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Writing Arctic Disaster
Authorship and Exploration

£31.99

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Part of Cambridge Studies in Nineteenth-Century Literature and Culture

  • Date Published: November 2016
  • availability: Available
  • format: Paperback
  • isbn: 9781107565128

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About the Authors
  • How did the Victorian fixation on the disastrous John Franklin expedition transform our understanding of the Northwest Passage and the Arctic? Today we still tend to see the Arctic and the Northwest Passage through nineteenth-century perspectives, which focused on the discoveries of individual explorers, their illustrated books, visual culture, imperial ambitions, and high-profile disasters. However, the farther back one looks, the more striking the differences appear in how Arctic exploration was envisioned. Writing Arctic Disaster uncovers a wide range of exploration cultures: from the manuscripts of secretive corporations like the Hudson's Bay Company, to the nationalist Admiralty and its innovative illustrated books, to the searches for and exhibits of disaster relics in the Victorian era. This innovative study reveals the dangerous afterlife of this Victorian conflation of exploration and disaster, in the geopolitical significance accruing around the 2014 discovery of Franklin's ship Erebus in the Northwest Passage.

    • Shows how twenty-first-century geopolitical and cultural debates about the Arctic and Northwest Passage continue to draw on the Victorian legacy of exploration
    • Provides an interdisciplinary study of print and manuscript texts alongside artefact collections and exhibits, culturally hybrid objects, maps and graffiti
    • Reveals how the John Franklin disaster of 1845 continues to shape our ideas of what Arctic exploration is and was
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    Awards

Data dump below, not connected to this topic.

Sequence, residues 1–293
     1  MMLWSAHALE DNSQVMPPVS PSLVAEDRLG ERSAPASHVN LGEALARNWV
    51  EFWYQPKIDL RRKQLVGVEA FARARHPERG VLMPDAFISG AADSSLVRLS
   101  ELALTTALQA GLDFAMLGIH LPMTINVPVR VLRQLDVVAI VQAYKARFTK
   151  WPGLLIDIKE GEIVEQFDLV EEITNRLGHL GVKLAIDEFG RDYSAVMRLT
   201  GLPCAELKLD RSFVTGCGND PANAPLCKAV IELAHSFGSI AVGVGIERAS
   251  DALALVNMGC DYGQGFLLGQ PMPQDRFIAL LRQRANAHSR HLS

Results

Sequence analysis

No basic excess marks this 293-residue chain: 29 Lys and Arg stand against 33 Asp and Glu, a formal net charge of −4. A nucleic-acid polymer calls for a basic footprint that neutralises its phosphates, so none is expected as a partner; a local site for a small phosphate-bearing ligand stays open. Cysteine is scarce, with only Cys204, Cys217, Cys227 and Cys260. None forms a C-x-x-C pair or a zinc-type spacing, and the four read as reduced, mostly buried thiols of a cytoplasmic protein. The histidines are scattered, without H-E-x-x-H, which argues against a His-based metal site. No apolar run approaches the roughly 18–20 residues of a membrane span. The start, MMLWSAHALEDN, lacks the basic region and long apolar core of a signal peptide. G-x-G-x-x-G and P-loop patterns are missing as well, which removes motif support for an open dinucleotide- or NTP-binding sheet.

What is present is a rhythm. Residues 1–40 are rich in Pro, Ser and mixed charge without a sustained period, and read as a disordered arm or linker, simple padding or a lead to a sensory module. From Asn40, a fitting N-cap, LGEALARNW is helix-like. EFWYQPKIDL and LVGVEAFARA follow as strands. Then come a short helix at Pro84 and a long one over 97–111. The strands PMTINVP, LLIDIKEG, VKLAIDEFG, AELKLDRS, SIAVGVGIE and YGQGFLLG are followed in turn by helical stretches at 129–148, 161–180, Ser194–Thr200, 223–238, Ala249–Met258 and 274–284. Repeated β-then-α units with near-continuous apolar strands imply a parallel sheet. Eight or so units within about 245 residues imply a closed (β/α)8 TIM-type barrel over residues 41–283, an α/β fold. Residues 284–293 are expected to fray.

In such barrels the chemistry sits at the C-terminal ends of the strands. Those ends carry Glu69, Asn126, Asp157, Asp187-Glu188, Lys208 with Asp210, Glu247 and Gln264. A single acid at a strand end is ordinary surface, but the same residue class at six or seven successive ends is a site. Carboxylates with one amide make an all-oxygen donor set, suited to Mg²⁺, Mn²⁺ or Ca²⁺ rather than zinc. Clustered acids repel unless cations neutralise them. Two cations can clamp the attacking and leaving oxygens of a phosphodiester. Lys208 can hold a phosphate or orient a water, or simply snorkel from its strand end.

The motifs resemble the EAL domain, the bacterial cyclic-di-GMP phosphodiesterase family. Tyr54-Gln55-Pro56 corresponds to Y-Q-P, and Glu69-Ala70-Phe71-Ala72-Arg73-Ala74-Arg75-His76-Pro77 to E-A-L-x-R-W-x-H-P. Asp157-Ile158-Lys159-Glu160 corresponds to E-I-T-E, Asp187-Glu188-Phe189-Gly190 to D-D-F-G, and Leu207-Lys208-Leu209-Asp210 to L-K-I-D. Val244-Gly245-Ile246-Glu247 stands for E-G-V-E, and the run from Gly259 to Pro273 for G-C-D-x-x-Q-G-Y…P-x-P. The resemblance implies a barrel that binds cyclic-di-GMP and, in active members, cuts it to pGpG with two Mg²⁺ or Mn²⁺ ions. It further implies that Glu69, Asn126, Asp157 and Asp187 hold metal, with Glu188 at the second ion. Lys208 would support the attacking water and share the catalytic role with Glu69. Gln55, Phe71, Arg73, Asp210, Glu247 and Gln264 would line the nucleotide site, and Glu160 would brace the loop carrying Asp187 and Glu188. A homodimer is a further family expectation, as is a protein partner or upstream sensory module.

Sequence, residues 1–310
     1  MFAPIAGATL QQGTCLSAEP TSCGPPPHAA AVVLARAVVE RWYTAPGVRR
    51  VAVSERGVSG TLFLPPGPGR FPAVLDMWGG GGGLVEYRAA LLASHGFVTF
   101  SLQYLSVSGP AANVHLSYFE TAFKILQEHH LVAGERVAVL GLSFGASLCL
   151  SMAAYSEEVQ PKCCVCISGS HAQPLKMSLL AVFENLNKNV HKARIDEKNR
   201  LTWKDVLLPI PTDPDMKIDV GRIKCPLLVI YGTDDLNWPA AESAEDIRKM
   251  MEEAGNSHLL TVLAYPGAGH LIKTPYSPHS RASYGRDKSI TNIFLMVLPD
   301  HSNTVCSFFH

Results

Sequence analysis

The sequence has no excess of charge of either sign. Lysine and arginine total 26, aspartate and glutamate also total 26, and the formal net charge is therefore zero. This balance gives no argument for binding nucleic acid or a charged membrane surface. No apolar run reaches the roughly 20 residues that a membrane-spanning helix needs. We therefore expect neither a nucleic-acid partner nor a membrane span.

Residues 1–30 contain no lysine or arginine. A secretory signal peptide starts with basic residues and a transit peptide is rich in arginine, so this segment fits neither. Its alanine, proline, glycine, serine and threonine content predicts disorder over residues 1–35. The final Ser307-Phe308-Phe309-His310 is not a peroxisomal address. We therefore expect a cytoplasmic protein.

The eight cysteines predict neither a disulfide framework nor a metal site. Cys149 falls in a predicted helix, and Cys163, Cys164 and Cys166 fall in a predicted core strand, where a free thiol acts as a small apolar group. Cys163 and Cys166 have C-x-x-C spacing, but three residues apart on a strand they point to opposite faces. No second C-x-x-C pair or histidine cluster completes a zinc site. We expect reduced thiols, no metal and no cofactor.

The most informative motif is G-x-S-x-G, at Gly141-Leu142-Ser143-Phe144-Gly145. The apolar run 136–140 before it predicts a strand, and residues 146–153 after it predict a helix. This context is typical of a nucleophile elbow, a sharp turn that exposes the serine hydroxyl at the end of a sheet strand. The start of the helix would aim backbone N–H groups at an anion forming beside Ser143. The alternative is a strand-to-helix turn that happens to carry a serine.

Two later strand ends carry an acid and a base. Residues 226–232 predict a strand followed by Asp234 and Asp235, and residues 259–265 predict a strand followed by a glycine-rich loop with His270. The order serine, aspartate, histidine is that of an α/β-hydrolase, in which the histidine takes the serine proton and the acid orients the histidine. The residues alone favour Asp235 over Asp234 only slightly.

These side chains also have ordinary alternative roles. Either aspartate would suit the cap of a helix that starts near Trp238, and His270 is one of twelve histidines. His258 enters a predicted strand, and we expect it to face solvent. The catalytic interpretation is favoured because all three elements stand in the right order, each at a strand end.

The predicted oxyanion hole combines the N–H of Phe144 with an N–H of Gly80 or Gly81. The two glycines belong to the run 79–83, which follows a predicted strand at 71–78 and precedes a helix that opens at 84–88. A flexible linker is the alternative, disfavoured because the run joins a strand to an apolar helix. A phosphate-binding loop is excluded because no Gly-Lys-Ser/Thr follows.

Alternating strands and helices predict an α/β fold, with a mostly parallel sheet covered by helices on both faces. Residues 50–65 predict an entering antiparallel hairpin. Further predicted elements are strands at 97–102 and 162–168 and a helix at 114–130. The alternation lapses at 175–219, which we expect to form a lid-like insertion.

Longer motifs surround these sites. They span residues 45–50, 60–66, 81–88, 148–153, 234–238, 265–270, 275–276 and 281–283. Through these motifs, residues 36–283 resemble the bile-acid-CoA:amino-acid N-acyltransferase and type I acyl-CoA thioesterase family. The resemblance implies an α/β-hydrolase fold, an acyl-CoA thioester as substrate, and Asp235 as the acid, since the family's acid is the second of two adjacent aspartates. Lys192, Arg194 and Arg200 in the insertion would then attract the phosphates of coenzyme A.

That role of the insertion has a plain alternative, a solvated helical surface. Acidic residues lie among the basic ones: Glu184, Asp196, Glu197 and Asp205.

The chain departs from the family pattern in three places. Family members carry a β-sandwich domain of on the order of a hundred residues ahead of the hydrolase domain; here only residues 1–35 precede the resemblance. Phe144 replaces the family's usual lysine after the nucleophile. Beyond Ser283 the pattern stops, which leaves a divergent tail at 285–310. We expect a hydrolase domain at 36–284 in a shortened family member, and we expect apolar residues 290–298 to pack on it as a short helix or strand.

• Short-listed, 2016 Michelle Kendrick Memorial Book Prize, Society for Literature, Science and the Arts

    Reviews & endorsements

    'In Writing Arctic Disaster, Craciun seeks to historicize the Victorian obsession with the man, the expedition, and its various inscriptions, uncovering in the process the changing approaches to Arctic voyaging and authorship that shaped European understanding of the region from the sixteenth to the nineteenth centuries. … Craciun's approach is richly interdisciplinary.' Katherine Parker, Eighteenth Century Studies

    'Every so often a book comes along which is strikingly original. Adriana Craciun's Writing Arctic Disaster is one of these. … In both seeing through the eyes of the past as if it were contemporary and in her exploration and analysis of subsequent cultural memory, Craciun's work stands out. This is one amazing book.' Murray Pittock, The BARS Review

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    Product details

    • Date Published: November 2016
    • format: Paperback
    • isbn: 9781107565128
    • length: 326 pages
    • dimensions: 244 x 170 x 17 mm
    • weight: 0.52kg
    • contains: 39 b/w illus.
    • availability: Available
  • Table of Contents

    Introduction: Northwest passages and exploration cultures
    1. Arctic archives: Victorian relics, sites, collections
    2. Exploration, publication, and inscription in the Age of Murray
    3. Building upon disaster: adventurers in Hudson Bay
    4. The famous mark of our discovery: social authorship and arctic inscriptions
    5. Broken lands and lost relics: the Victorian rediscovery of the early modern Arctic
    Epilogue: Franklin found and lost.

  • Author

    Adriana Craciun, University of California, Riverside
    Adriana Craciun is Presidential Chair at the University of California, Riverside. Her books include Fatal Women of Romanticism (Cambridge, 2003), British Women Writers and the French Revolution: Citizens of the World (2005), The Material Cultures of Enlightenment Arts and Sciences (with Simon Schaffer, forthcoming in 2015), and several collections and editions.

    Awards

    • Short-listed, 2016 Michelle Kendrick Memorial Book Prize, Society for Literature, Science and the Arts

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